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Social Capital: Tips for Informal Mentoring at the 2023 SIOP Annual Conference

Submitted by Rik Nemanick, PhD, SIOP Career and Professional Development for Practitioners Committee

One of the best ways to develop professionally is through the guidance of an experienced mentor. Navigating a successful and rewarding career as an I-O psychology professional involves skills that go well beyond what is taught in graduate school. I found my way into the field from my own mentor, Dr. Marvin McMillan, an I-O psychologist who was the VP of HR at my first employer after college. He was a guide and role model who inspired me and helped me find a path into our field.

The SIOP Annual Conference can be a great place for mentoring. Every year, the conference brings together thousands of people working in I-O psychology and related fields with wide varieties of backgrounds and experience. While formal mentoring programs like the SIOP Practitioner Mentoring Program and SIOP Committee on Ethnic and Minority Affairs (CEMA) Mentoring Program can jump start mentoring, informal mentoring can be just as powerful if one is open to it. Below are some of my tips for both those who are seeking mentoring as well as those who might provide mentoring to others.

For those seeking mentoring:

  1. Before you go to the 2023 SIOP Annual Conference, reflect on where you are professionally and what you would like to learn more about. Are you a student who is contemplating your entry into the field? Or are you an early career professional who is considering the next steps in your career? While mentors can be tremendous sources of wisdom, they can only help if you know what you want to achieve. Take 30 minutes to reflect on where you are with your career, where you would like to be in 3 years, and what you would want to learn to make your envisioned future a reality. Come to the conference with that learning mindset.
  2. Look for opportunities to connect with former bosses, colleagues, or professors. It is far easier to re-establish a relationship that has atrophied than to establish a new one. When you run into one of them and they ask you, “What have you been up to?”, you can say, “I’m actually thinking about my career. Would you want to grab a cup of coffee between sessions and I can catch you up?”
  3. Make new connections while attending presentations. Talk to a speaker or someone presenting a poster on a topic that interests you. Or, you could talk to someone sitting next to you at a symposium. You would be surprised how many seasoned professionals would be open to a conversation. Look to meet at least five people and ask them about their work. Collect business cards or connect on LinkedIn.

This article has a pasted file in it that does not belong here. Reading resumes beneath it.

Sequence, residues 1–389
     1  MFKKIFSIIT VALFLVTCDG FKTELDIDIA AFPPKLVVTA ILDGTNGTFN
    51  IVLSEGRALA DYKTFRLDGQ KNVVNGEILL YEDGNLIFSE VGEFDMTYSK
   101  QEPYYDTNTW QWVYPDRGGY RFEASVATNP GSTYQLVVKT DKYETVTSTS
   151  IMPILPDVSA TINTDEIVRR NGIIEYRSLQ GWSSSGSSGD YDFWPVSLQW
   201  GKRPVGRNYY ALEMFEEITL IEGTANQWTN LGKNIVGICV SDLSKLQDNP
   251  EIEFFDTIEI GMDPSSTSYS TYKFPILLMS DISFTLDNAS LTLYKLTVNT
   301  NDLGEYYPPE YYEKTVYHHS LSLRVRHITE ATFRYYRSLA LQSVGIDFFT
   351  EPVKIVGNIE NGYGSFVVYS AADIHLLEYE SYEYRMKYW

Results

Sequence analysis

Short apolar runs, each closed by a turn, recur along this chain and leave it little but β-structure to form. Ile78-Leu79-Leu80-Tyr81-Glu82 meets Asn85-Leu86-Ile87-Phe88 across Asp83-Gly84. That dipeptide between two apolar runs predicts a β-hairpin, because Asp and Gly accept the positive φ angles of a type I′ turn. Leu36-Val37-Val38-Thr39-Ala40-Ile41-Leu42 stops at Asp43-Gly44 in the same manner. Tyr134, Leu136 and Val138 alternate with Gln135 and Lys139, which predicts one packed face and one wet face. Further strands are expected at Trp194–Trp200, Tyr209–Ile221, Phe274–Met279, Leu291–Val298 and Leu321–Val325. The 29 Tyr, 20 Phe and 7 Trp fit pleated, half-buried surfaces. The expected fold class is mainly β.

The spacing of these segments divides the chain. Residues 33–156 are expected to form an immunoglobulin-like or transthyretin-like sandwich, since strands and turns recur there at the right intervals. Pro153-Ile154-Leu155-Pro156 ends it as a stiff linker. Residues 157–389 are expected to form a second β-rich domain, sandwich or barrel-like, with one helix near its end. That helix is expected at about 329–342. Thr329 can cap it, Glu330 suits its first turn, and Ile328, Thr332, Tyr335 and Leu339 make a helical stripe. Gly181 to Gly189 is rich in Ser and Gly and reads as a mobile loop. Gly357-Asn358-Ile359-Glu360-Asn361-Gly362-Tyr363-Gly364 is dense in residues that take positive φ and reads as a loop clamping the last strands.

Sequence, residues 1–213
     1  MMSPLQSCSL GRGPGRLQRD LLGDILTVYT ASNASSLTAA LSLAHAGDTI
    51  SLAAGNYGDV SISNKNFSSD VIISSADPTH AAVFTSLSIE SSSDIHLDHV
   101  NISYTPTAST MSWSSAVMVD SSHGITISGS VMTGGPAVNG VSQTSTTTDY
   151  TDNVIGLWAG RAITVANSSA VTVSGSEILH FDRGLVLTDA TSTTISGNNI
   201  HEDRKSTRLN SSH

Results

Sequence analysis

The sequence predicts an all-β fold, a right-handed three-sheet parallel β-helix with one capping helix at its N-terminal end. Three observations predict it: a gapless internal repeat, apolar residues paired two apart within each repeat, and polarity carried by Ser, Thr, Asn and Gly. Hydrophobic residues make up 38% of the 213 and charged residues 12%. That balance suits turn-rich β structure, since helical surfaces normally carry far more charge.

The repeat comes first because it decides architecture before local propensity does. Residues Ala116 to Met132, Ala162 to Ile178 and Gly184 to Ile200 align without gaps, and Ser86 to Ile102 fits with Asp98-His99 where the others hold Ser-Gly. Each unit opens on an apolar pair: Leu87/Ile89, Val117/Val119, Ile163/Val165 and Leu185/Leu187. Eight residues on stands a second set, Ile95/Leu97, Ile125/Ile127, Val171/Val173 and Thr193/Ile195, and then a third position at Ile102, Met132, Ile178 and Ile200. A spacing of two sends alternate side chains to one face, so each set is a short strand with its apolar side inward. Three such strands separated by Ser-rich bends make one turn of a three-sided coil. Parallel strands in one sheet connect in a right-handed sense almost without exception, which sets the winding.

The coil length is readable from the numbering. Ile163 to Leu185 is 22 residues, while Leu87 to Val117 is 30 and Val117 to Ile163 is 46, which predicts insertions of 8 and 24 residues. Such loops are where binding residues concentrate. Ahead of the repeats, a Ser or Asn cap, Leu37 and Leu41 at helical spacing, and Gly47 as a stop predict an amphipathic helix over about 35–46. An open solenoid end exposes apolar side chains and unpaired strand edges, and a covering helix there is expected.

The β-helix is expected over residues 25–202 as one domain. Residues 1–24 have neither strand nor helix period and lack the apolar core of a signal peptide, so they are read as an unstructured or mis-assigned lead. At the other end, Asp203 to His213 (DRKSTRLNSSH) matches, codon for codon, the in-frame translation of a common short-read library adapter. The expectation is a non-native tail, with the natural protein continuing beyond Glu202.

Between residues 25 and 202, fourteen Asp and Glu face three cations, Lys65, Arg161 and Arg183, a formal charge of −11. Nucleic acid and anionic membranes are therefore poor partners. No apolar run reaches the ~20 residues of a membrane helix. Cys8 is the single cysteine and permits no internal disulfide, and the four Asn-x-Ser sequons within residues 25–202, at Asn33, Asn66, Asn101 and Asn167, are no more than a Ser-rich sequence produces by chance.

4. Follow up with everyone you meet (existing and new contacts) after the conference. Tell them it was great to connect (or reconnect) and see if they would want to set up a 30-minute Zoom call. If your first note doesn’t get a response after two weeks, send one follow-up (people are busy and have full inboxes). If you get no response, it is probably best to let that connection drop. If you reach out to enough people, you will find a few that will be willing to connect.

You can get more out of “informal” mentoring with a little preparation and proactivity.

For those who might offer mentoring, the same advice works in reverse:

  1. Be available and open to re-connecting with former students or colleagues as well as meeting new people. Go to the poster sessions and talk to some of the younger presenters, asking them about their work. If someone asks you to extend a conversation over coffee, say “yes”.
  2. Invite people to connect if you are open to it. You don’t have to add everyone you meet to your LinkedIn connections, but lower the threshold for making the connection.
  3. Be generous with follow-up requests. Don’t ignore people you meet at the conference when they reach out. Most of us can make time for a 15 or 30-minute Zoom call. If you truly don’t have time or if you didn’t find you had enough in common with the person who is reaching out, respond with a polite decline: “I appreciate you reaching out. My workload is such that I don’t think I can be available for a call.”

We all share an amazing profession. SIOP is stronger when we participate and build the collective “social capital” of the organization. Mentoring can be a great way to build connections and further the careers of our colleagues.

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